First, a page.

May 25, 2012 Leave a comment
The Logging Framework in Oracle Apps provides the ability to store and retrieve log messages for debugging, error reporting, and alerting purposes. We can use it for any OAF Page development and Customization.
Using Oracle AOL Profile Options to Configure Logging
You can configure logging by setting Oracle Application Object Library (FND) profile options.
The available levels are Site, Application, Responsibility, and User. User settings override Responsibility settings, Responsibility settings override Application settings, and Application settings override Site settings.
Here is a summary of the impacts of the different profile option levels:
- User: Affects only the given user.
- Application: Affects all users for the specific application.
- Responsibility: Affects all users in any application for that responsibility.
- Site: Affects all users, applications, and responsibilities.
Note: When setting up logging at the Site level, Oracle strongly recommend that you set the logging level to UNEXPECTED. ERROR or EXCEPTION. Also remember to return the profiles to their usual values after debugging has been completed.
Where is the debug message stored, once the logging is turned on?
Debug messages are stored in a table called FND_LOG_MESSAGES.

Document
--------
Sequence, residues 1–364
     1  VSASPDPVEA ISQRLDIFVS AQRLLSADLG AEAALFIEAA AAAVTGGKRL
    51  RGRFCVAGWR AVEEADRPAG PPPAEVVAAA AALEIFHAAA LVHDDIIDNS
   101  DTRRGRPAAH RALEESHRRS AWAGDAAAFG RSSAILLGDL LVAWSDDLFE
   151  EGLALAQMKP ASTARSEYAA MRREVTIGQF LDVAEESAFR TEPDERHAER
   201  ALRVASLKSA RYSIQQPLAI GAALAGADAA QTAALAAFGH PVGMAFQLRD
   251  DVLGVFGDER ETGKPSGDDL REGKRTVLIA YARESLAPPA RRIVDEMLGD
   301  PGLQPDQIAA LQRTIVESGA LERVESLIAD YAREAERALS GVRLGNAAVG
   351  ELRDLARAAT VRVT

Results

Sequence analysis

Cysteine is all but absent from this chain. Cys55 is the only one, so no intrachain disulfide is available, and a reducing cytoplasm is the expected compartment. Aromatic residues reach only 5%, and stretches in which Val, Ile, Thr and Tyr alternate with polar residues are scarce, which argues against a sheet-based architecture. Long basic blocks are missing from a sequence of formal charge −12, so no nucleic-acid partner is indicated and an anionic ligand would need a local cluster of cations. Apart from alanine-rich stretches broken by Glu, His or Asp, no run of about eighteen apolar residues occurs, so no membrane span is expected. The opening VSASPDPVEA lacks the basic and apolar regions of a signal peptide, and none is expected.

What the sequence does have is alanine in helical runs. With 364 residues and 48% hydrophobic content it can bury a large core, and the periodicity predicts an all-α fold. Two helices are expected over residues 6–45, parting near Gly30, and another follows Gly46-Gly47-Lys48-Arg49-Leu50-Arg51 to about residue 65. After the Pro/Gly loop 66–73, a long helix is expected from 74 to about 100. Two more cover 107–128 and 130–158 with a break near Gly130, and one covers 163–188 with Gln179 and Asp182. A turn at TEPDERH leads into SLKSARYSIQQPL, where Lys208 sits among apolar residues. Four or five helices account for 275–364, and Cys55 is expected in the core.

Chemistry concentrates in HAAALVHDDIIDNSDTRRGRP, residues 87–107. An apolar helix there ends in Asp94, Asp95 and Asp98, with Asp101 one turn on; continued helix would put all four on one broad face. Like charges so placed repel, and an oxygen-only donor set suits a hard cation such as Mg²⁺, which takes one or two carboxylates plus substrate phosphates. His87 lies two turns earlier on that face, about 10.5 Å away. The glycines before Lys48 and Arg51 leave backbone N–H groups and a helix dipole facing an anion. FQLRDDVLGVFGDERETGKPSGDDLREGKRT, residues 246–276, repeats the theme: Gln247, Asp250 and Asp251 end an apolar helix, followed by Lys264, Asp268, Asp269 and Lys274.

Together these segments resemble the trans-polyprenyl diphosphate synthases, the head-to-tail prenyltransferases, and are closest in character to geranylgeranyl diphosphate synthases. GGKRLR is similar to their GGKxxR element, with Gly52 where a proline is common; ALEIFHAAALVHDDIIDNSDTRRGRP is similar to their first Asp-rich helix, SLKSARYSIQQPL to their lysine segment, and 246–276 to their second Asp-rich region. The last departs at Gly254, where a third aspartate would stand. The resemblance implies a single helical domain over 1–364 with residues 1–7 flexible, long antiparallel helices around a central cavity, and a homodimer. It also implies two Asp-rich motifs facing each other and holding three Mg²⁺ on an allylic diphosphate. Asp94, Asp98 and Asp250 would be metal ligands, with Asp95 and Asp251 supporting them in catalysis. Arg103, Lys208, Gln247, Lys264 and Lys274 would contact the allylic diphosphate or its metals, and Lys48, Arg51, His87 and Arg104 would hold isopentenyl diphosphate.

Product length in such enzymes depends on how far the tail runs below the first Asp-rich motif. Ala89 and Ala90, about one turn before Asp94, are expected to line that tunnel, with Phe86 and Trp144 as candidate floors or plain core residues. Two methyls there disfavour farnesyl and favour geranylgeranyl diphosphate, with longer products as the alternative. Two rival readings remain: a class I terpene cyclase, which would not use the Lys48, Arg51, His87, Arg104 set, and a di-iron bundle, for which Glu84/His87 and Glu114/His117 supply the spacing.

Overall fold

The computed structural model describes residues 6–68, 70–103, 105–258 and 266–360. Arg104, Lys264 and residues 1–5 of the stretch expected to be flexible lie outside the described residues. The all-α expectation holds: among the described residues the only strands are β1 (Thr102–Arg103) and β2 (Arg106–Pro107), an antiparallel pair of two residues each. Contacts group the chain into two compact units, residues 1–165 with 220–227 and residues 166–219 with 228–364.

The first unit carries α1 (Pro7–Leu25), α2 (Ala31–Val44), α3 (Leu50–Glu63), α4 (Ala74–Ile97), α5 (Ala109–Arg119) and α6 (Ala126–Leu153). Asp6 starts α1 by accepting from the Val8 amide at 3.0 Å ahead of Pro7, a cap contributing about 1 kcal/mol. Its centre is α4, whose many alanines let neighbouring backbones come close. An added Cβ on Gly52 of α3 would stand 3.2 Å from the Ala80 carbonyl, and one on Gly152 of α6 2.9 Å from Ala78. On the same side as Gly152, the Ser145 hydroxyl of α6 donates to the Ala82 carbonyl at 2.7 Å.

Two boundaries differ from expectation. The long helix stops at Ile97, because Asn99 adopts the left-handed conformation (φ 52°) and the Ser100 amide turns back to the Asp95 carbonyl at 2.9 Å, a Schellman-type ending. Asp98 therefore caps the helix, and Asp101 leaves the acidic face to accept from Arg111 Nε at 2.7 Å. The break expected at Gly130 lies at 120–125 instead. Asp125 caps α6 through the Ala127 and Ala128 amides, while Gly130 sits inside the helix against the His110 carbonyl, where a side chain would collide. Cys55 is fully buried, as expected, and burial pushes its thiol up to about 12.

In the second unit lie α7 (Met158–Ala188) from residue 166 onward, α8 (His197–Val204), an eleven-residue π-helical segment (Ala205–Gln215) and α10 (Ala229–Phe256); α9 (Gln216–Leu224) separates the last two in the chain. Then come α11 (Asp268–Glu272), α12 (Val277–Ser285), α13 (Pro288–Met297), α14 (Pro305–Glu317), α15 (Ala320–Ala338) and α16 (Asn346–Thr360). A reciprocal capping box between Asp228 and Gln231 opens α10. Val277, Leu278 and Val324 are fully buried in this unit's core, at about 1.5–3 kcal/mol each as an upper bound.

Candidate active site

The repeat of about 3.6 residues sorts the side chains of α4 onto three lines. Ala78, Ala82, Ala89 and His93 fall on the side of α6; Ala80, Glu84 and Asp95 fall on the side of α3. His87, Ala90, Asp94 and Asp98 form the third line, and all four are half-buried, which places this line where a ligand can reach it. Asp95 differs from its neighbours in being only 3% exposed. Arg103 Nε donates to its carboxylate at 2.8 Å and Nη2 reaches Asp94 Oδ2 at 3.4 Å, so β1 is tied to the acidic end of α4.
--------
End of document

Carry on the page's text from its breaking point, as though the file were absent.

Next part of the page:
If you want to have logging from your concurrent program, you can write as below in your PL/SQL Code.
fnd_log.STRING(log_level => fnd_log.level_statement ,module => 'xxpcm.packagename.procedurename' ,message => 'You debug message here');
From OAF java code, you can write like
pageContext.writeDiagnostics(“xxpcm.oracle.apps.pa.ci.webui”, “Your debug message here”, 1);
Using Logging to Screen
In addition to the above methods where log messages are written to a file or the database, Logging to Screen provides:
- The ability to enable logging on a per HTTP request or per HTTP session basis.
- Dynamic configuration which does not require restarting any servers or changing any log profiles.
- A convenient lightweight mechanism to diagnose performance issues. Each message is timestamped to the millisecond.
If Logging to Screen is enabled, then the Java log messages generated for a particular HTTP Request-Response are buffered in memory and appended to the end of the generated HTML page. However this feature does not affect any existing configurations of file or database logging. File or database logging continues to behave per the configured middle tier log properties and/or log profile values.
Note that this mechanism currently provides only Java layer messages. Regular file or database logging should be used if messages from other layers (e.g., PL/SQL) are needed.
Enabling Logging to Screen in Oracle Application Framework Pages
For security reasons, oracle has made this feature only accessible if the “FND: Diagnostics” Profile is set to “Yes“.
1] First go to the page and click the Diagnostics button.
After you select the Diagnostics button to navigate to the Diagnostics page, you can select: